After her voluntary retirement in 2007, Dr Kiran Bedi is a full-time social activist. In an interview to Complete Wellbeing, she talks of her experiences as a woman...
What were the challenges you faced as a women and what helped you get over it? Was family support crucial?
Well, my family and we as daughters in Amritsar, were pioneers in many ways. We played tennis in shorts, cycled the whole day from one corner to the other, had short hair, wore skirts and track suits and all that boys did to become self-dependent. We daughters earned admiration as well as curiosity and awe. This is the way our parents brought us up. We were the product of hard work of my parents.
How do you think we can combat violence against women? Does it depend to a large extent on the woman?
No, a lot depends on the mindset of men in society as well. They are, no doubt, products of homes and schools where women, as mothers and teachers, play a pivotal role. But I firmly believe women could be the biggest stoppers of domestic violence.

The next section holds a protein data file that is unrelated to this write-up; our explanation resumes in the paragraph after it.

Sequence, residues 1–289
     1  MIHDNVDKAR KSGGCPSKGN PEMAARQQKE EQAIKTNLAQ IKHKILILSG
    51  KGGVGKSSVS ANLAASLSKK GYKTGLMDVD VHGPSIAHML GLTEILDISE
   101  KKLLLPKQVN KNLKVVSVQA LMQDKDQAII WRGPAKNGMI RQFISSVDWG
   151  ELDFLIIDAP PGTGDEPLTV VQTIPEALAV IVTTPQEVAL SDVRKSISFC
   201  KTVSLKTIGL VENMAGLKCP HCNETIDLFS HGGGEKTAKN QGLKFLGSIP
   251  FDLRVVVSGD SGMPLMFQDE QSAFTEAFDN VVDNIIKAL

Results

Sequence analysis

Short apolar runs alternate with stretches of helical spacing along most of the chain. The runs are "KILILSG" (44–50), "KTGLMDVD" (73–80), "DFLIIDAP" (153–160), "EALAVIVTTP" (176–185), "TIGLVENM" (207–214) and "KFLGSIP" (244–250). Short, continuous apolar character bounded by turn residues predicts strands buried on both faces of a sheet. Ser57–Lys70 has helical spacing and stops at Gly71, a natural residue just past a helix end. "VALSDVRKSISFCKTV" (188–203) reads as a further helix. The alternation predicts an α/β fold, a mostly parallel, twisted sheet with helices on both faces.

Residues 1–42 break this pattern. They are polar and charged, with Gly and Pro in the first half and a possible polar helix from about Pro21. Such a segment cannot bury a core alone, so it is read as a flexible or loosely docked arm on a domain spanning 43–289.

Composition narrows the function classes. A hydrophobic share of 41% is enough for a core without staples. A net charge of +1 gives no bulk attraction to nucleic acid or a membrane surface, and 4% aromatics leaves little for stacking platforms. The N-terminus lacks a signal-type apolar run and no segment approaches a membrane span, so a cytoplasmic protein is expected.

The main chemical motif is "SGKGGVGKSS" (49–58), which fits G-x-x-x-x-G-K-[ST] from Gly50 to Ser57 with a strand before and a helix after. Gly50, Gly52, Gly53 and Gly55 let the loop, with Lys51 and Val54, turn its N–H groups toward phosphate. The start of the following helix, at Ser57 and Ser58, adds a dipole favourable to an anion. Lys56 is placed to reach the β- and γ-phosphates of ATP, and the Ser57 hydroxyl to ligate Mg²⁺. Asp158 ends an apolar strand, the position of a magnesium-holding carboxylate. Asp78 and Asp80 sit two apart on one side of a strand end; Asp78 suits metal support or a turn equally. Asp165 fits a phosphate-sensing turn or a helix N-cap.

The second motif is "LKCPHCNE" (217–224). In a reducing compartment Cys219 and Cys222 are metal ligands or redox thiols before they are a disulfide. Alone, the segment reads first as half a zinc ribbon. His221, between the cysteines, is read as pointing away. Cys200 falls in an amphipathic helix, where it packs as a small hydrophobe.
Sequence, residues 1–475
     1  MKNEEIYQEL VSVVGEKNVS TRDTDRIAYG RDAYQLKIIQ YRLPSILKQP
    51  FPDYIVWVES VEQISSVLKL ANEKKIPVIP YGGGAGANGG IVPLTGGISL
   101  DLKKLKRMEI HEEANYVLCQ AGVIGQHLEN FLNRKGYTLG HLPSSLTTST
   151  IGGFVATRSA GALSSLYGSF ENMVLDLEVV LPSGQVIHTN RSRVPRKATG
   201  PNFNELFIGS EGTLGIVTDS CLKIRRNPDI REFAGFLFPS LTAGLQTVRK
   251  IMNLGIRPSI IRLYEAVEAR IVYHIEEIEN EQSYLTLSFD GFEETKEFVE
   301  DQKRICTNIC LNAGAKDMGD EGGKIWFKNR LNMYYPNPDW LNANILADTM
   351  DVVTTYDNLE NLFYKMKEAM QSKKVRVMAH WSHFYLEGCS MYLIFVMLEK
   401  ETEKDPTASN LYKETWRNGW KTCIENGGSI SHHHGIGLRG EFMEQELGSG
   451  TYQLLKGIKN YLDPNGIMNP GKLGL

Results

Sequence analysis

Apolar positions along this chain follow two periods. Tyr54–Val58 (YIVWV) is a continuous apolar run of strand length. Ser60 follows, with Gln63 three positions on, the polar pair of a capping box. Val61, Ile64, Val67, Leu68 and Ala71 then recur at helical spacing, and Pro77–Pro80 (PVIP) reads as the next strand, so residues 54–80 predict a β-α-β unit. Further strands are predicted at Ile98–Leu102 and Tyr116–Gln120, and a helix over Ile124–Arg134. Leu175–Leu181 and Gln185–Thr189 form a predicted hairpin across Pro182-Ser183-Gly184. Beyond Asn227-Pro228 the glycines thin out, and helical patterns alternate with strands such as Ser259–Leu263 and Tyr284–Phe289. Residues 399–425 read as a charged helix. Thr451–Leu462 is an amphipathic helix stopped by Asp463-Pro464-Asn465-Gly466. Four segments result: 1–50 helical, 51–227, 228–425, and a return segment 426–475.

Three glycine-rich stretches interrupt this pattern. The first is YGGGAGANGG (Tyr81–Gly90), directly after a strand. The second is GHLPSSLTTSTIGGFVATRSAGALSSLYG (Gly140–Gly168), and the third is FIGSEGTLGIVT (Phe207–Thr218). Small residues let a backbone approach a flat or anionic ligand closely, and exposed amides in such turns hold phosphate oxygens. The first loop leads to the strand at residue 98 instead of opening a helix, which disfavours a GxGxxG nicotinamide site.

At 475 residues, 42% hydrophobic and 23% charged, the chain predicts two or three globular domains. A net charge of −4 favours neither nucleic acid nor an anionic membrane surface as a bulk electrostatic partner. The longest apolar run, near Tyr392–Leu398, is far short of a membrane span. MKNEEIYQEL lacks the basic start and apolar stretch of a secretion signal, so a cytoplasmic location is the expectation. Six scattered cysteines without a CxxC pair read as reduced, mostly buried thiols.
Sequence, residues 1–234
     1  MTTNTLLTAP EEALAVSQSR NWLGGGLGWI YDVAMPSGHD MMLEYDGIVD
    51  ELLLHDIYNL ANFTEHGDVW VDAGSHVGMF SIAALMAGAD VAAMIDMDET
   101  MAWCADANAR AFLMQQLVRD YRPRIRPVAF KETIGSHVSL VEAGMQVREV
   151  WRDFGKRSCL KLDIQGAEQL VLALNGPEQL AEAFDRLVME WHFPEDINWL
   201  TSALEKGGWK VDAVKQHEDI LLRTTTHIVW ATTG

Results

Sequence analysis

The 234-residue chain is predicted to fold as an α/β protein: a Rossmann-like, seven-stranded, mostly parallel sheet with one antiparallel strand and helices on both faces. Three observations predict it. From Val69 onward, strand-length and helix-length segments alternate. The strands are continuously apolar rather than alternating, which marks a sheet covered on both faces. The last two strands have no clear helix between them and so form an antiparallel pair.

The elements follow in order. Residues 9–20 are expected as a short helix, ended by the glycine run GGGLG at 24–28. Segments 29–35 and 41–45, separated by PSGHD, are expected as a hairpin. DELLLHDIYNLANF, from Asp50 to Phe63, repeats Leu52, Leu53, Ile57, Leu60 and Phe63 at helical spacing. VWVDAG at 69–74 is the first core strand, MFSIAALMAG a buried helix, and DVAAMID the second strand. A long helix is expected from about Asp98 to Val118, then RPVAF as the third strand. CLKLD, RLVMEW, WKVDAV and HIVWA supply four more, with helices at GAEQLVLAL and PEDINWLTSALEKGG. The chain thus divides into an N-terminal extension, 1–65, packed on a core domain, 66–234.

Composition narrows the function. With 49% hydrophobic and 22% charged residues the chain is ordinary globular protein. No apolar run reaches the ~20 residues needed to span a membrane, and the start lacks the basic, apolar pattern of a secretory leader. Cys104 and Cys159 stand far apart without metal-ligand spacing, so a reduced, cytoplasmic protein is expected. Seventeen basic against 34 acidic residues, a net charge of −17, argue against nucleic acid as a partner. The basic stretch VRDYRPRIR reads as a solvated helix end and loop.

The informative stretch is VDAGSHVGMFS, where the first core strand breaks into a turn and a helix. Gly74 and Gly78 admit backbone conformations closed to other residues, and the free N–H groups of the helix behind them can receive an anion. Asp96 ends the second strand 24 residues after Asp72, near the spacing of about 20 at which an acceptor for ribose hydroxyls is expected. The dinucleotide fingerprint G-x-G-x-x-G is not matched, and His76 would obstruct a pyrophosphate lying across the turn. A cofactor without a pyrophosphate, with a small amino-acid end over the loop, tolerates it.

Has India learnt to give woman an equal status with men?
Yes in certain areas, and no in others. It is still heavily male-controlled when it comes to key policy-making and transformative positions.
What would be your method of making the rural and urban woman aware of her rights?
Education and economic development, and networking of women. Also political and social empowerment.
Define the modern Indian woman. What could her principles be?
Self-confident, self-sufficient. Empowered and secure within. One who is no less than anyone else. Also, has the extra qualities special to a woman, which means she has both the hard and soft skills. One for whom marriage is an option and not a compulsion, or a means of security or economic dependence. One who has the skills to take responsibility for all her decisions, and has the courage to correct as the situation warrants. One who loves to give and asserts her right to get her due. One who works to empower all, with sensitivity for those who need her more.
Also read Kiran Mazumdar Shaw: Our time has come
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